Farmers’ Stir: The Logjam Continues
Neither the Supreme Court nor the government has been able to find a way to end the farmers’ agitation. Although another round of talks are scheduled, few will expect the two sides to reach an agreement in the near future.
The reason for the seeming deadlock is that both the government and the protesters are refusing to budge from their stated positions. While the latter are insisting on a withdrawal of the three farm laws, the government has ruled out such a retreat and will agree to only a few amendments, apart from guaranteeing a minimum support price for the agricultural products.
But, as the stalemate continues at various points on the border of the national capital where the farmers are observing their sit-in protests, the deadline of the Republic Day celebrations on January 26 is approaching. The government has already suffered a setback in its preparations for the prestigious event with British prime minister Boris Johnson cancelling his programme of being the chief guest at the ceremony because pf the worsening Covid-19 situation in his country.Therefore, the government can hardly allow the farmers to ruin the day by staging any kind of a demonstration.
The possibility that they can bring their tractors to the site of the parades has been enhanced by the holding of a tractors’ rally in parts of the National Capital Region on January 7 as a show of strength. An earlier occasion when the Republic Day function faced a threat was in 2014 when the newly elected Delhi chief minister, Arvind Kejriwal, tried to live up to his anarchist reputation of the time by interfering with the celebrations.
That threat was narrowly averted. It is possible that the farmers, too, will be dissuaded from acting in a manner which can hurt their own image and interests. But, as the D-day comes nearer and there is no solution in sight for ending the agitation, the government must be on tenterhooks. Its anxieties will be all the greater considering that the Congress M.P., Shashi Tharoor, and the Shiv Sena’s Priyanka Chaturvedi have called for the calling off of the festivities.
The government also hasn’t helped its own case by adopting various tactics to show the protesters in poor light. Although the earlier branding of them as separatists and anti-nationals has stopped, presumably because those making the charges realized that they were not cutting any ice, the government is now trying to present the farmers as not being represenatives of either the entire community or the poor among them, but a privileged minority, as an economist who is believed to be close to the BJP has written.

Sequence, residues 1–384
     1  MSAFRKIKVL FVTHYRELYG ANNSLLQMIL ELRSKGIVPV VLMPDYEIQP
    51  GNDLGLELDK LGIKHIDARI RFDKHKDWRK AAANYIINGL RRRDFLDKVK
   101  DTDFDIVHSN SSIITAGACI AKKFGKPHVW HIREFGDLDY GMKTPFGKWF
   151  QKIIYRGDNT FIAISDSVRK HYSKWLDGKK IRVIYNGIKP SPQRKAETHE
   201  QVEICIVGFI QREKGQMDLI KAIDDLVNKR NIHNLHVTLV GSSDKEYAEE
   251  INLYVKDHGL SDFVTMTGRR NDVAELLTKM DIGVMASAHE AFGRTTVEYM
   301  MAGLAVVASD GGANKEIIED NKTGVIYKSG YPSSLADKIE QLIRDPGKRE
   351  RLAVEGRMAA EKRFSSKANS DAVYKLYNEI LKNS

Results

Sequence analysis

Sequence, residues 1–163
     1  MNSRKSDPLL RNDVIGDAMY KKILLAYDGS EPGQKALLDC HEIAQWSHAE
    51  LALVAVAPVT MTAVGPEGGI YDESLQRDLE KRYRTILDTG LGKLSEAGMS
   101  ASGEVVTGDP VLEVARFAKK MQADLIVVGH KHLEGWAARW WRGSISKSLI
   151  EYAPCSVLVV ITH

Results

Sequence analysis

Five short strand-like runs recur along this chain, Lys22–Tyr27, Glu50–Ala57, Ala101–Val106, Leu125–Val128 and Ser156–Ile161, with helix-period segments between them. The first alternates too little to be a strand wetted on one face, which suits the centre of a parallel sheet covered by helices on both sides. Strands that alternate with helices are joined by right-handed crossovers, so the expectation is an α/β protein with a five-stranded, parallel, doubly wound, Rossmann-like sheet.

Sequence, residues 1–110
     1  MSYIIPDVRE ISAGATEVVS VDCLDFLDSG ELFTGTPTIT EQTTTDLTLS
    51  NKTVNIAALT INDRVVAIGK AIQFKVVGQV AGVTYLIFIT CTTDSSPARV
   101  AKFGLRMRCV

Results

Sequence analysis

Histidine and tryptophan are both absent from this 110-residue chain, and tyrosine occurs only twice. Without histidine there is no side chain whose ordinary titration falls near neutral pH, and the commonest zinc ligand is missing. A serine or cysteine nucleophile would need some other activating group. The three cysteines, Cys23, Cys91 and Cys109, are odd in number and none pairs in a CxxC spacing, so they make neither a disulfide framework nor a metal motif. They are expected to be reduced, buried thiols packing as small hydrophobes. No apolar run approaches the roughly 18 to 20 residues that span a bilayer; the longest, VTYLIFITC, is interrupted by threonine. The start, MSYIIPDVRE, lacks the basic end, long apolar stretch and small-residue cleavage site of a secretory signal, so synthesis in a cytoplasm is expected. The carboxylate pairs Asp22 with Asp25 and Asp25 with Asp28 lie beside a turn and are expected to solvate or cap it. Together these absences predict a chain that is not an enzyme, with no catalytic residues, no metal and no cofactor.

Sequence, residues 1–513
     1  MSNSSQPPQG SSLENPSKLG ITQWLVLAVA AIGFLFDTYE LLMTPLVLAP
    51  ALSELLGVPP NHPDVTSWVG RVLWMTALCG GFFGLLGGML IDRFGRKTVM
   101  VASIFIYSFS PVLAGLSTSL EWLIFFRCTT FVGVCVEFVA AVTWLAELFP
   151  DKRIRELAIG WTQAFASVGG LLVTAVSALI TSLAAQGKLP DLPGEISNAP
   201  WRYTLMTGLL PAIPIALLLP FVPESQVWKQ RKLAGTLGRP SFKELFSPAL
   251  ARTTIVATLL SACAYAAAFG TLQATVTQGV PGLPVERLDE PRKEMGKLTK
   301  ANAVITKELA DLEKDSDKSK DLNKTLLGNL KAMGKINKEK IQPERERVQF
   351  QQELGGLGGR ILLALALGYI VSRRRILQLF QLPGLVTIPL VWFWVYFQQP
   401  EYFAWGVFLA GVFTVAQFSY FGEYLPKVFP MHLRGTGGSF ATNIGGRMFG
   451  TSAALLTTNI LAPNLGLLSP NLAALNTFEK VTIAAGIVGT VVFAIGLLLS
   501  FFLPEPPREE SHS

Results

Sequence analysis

This allegation is in line with the depiction of the agitators as the votaries of vested interests who are blocking any attempt at reform lest it should deprive them of the advantages of a closed system to which they have long been used. The farmers are being placed, therefore, in the category of those who had opposed the 1991 opening up of the economy to replace the earlier public sector-dominated regulated economic system.
Aware of the aversion of the farmers to the private sector, the Adani and Ambani groups of business magnates have been clarifying that they have no interest in entering the agricultural sector. However, if they are building storages for grains, it is in accordance with an agreement with the public sector Food Corporation of India.
To what extent the farmers will accept this argument is unclear at the moment, but they may face some difficulties in view of the Supreme Court’s observation that the gathering of thousands of them on Delhi’s outskirts can result in the spread of the Covid virus. As is known, the earlier congregation of Muslim women protesting against the citizenship laws in the Shaheen Bagh locality of Delhi and elsewhere had dispersed because of similar fears.
But, as a few netizens have pointed out, such concerns were not aired during the election campaigns in Bihar and Hyderabad where the BJP fancieid its chances. However, wiill the farmers follow the Shaheen Bagh ladies in ending their agitation ? In case they don’t, it is unlikely that the government will resort to force if only because the farmers as a rule and the Sikhs from Punjab are known for their toughness and resilience. These qualities have already been exemplified by their being able to withstand the winter cold and the recent rains while in sitting out in the open or in tents.
Moreover, the government will not like to do anything which will antagonize the Sikhs any further when the BJP has already lost the support of its former ally in Punjab, the Akali Dal, which is mainly a party of the Sikhs. But, it isn’t only the Sikhs who will be alienated, but also the farmers in general although the government claims that a section of them supports the new laws. However, a television report said that many of these groups are closely aligned to the BJP. The real picture, therefore, remains hazy.
But what is not unclear is that the agitation has blown wind into the opposition’s sails. While some of these parties have adopted resolutions in the legislatures in the states ruled by them, such as the CPI(M) in Kerala, others like the Congress in Madhya Pradesh have decided to hold “chakka-jaam” (stop the wheels) protests in every district for two hours on January 15 and march to the Raj Bhavan on January 23. Kerala was the fifth state to pass such a resolution after Punjab, Chhattisgarh and Rajasthan (all ruled by the Congress) and Delhi which is run by the Aam Admi Party.